Baxter brewer expanding to catch demand

LEWISTON — Six months after breaking ground on a $2 million expansion, Baxter Brewing Co. is moving into a newly remodeled corner of the Bates Mill and producing more beer than ever.

Daryn Slover/Sun Journal

Luke Livingston, president and founder of Baxter Brewing Co., has nearly doubled his production of beer with the addition of three new, 8,000-gallon fermentation tanks. Livingston said three more tanks will be installed this winter. 

Daryn Slover/Sun Journal

The $2 million expansion of Baxter Brewing Co. in Lewiston will include an office for President Luke Livingston and a boardroom with a couple of beer taps.

Daryn Slover/Sun Journal

Luke Livingston, owner of Baxter Brewing Co. of Lewiston., has had requests to send beer to pubs as far away as Montana. "I need to take care of New Hampshire before I can Montana," Livingston said. Baxter brews are only sold in Maine and Massachusetts due to high demand and not enough product. 

Daryn Slover/Sun Journal

Ben Low, right, is head brewer at Baxter Brewing Co. in Lewiston. He stands next to company owner Luke Livingston.

Since three new 8,000-gallon fermenters were installed this spring, production has increased from about 8,000 barrels per year to 15,000 barrels. The canning line has sped up to one can per second. And, in December, three more equally humongous fermenters will be installed, effectively doubling production again.

Yet, the three-year-old beer company is still unable to keep up with demand, according to Luke Livingston, the company's founder and president.

"In the old days, we'd maybe package 85 barrels," Livingston said. "This week, we packaged 185 barrels of beer. We're getting a little closer than we were, but our total orders for this week are still more than 600 barrels.

"It beats the alternative, but it's still tedious," he said.

The growth will help.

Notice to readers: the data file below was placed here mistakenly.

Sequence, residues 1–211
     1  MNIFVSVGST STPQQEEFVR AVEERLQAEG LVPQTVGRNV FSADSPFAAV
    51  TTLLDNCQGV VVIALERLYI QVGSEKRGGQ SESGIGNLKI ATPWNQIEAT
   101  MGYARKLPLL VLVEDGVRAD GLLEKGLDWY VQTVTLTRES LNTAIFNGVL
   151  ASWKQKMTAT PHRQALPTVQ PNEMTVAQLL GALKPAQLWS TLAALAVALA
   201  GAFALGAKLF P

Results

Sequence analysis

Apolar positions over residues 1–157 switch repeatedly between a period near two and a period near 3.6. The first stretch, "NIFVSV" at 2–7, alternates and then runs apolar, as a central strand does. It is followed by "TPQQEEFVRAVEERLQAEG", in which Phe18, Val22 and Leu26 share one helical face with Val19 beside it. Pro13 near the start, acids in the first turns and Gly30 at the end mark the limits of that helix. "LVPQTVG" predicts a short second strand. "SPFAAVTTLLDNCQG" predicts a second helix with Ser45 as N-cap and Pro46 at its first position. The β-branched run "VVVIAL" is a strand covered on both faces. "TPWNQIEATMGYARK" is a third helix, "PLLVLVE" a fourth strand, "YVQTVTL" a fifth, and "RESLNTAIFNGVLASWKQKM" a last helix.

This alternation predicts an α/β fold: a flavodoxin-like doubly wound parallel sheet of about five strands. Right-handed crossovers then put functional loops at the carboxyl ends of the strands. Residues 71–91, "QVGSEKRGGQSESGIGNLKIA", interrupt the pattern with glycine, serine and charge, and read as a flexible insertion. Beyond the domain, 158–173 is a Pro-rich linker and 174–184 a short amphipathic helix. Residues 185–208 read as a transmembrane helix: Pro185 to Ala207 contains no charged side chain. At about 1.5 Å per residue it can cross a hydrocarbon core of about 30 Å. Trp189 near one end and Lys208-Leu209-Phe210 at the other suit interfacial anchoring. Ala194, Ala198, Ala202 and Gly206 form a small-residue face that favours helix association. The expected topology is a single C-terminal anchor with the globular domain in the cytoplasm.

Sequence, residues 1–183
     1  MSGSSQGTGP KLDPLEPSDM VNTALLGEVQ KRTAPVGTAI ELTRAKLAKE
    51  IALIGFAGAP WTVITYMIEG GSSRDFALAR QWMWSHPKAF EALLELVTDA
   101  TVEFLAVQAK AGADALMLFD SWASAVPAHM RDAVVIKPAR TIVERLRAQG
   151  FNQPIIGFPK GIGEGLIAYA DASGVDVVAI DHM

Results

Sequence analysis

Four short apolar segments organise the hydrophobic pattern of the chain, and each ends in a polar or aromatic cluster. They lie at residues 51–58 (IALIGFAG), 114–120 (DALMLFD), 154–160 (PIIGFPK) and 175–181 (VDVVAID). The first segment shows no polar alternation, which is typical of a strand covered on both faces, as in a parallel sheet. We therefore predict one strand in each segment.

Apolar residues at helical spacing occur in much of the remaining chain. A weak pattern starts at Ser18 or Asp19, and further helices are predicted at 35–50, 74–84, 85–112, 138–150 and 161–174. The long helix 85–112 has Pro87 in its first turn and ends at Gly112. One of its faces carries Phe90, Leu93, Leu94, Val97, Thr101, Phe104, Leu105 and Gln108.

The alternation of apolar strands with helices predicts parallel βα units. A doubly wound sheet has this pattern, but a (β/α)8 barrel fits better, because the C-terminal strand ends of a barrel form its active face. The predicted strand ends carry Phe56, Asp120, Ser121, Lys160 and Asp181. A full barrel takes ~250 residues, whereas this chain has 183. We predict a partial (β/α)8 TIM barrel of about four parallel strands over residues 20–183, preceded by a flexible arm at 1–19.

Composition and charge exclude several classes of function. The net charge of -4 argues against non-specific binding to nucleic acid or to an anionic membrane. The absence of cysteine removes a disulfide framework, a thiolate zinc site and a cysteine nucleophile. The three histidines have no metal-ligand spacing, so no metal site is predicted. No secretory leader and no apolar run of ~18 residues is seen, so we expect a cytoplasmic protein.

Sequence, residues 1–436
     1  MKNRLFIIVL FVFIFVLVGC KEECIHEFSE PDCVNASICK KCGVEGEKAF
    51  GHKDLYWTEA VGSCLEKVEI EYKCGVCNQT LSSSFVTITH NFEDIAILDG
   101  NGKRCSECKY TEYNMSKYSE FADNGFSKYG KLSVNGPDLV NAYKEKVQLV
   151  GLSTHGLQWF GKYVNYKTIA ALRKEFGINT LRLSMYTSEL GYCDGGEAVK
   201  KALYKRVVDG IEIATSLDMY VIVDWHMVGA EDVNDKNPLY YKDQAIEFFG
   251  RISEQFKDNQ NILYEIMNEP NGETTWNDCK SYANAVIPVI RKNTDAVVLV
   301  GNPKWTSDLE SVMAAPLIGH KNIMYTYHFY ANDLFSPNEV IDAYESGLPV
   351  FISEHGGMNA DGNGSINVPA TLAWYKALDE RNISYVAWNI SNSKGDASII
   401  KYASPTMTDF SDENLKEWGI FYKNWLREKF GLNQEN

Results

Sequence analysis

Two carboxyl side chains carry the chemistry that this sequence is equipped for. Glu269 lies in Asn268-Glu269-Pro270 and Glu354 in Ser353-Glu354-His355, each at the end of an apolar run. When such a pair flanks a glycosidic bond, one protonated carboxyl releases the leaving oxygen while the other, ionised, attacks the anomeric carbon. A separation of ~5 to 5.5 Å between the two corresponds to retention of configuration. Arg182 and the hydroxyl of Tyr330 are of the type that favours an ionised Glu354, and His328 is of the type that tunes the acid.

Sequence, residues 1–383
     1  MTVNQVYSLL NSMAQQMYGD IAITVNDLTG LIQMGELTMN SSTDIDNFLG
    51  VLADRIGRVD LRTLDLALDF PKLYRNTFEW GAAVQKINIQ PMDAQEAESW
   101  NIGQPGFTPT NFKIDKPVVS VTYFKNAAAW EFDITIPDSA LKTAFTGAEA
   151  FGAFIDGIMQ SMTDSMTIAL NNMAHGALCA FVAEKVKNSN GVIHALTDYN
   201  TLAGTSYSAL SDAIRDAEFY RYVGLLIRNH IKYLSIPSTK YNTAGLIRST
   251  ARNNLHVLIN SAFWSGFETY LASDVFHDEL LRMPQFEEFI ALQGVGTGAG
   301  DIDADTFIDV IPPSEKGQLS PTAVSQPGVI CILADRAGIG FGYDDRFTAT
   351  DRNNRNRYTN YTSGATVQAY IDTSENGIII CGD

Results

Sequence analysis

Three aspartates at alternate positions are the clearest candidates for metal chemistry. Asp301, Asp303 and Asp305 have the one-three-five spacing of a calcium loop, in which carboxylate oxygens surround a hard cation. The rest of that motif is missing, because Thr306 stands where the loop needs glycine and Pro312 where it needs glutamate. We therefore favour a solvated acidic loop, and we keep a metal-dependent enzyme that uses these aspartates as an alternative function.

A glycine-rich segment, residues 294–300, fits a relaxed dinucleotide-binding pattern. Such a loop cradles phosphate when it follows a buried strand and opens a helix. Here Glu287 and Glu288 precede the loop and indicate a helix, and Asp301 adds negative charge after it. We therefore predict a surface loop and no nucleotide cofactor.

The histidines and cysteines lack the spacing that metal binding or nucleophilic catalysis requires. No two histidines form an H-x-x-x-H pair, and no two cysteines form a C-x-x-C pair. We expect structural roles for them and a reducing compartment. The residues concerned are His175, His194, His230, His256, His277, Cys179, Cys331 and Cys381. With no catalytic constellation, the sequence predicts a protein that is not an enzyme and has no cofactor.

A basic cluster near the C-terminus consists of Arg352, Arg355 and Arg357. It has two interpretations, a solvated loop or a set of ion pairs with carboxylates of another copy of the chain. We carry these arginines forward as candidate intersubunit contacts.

Livingston couldn't help but smile when he walked through the plant Thursday, proudly talking about the two miles of rebar that reinforce the new fermenters' concrete base and the new windows that were installed in his corner of the Bates Mill complex.

"Three years and $4 million later, I finally have an office with a window," he said.

Livingston and his staff had worked for the company's first years in a bricked up area one floor below. Since construction began in January, work on the new upstairs offices unearthed decades of dust, which sprinkled down to the workers below, including Livingston and his wife, Chelsea, who serves as the company's business manager.

By contrast, the new space resembles a modern office, with new interior walls and fixtures, furniture and carpeting. There are storage rooms, private meeting spaces, a conference room and an employee kitchen outfitted with all the usual amenities ... plus two beer taps.

It's also well lit, a particularly big feat considering that previous windows were bricked up at least 50 years ago. Workers carved out new casings and installed new panes with a view of those prize fermenters.

"They knew we'd appreciate the view," Livingston said.

The brewery plans to host a four-hour open house Sunday, beginning at noon. There will be tours, games, music and food. There will also be a chance to taste Baxter's marquee brews as well as some experiments.

Several were being served in the tap room Thursday, including a concoction called "peachy-keen."

"There's a pretty constant stream of test brews here," said Ben Low, Baxter's director of brewing operations. "A lot of it is just to be fun and creative," he said. "We have at least one new brew here per week"

Livingston hopes it will entice more people to visit the tap room.

Meanwhile, his focus is on production.

When the new fermenters are installed in December, production and processing will surge to a 24-hour schedule. Hiring will increase, too.

"We've hired six people this year," Livingston said. "We have a staff of 16 now, and I expect we're about halfway there."

With them, he hopes to meet more orders, which are currently coming from Maine and Massachusetts.

"I get calls on a weekly basis from distributors," he said. "I have to tell them, 'We can't get to Montana before we get to New Hampshire.'"

Worse are the calls that come from a short walking distance away. He recently had to delay an order to Fish Bones American Grill, he said. When the call came, he didn't have any stock of the requested Stowaway I.P.A.

"He's right there and I can't give him any," he said. "That hurts."

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Baxter Brewing expansion

Congratulations Luke,+ Dan Hartill did you get a good sample of the product as any good journalist would?


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